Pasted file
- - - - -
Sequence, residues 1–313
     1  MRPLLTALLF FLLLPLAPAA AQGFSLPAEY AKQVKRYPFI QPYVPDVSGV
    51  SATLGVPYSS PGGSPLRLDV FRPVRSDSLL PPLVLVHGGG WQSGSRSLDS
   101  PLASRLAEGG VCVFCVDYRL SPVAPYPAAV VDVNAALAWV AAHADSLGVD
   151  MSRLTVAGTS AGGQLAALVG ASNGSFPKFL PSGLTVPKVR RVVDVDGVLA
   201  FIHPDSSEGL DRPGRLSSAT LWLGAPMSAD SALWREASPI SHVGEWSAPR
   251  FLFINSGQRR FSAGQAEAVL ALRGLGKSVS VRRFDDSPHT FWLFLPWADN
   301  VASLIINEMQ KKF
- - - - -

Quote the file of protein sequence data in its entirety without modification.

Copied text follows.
Sequence, residues 1–313
     1  MRPLLTALLF FLLLPLAPAA AQGFSLPAEY AKQVKRYPFI QPYVPDVSGV
    51  SATLGVPYSS PGGSPLRLDV FRPVRSDSLL PPLVLVHGGG WQSGSRSLDS
   101  PLASRLAEGG VCVFCVDYRL SPVAPYPAAV VDVNAALAWV AAHADSLGVD
   151  MSRLTVAGTS AGGQLAALVG ASNGSFPKFL PSGLTVPKVR RVVDVDGVLA
   201  FIHPDSSEGL DRPGRLSSAT LWLGAPMSAD SALWREASPI SHVGEWSAPR
   251  FLFINSGQRR FSAGQAEAVL ALRGLGKSVS VRRFDDSPHT FWLFLPWADN
   301  VASLIINEMQ KKF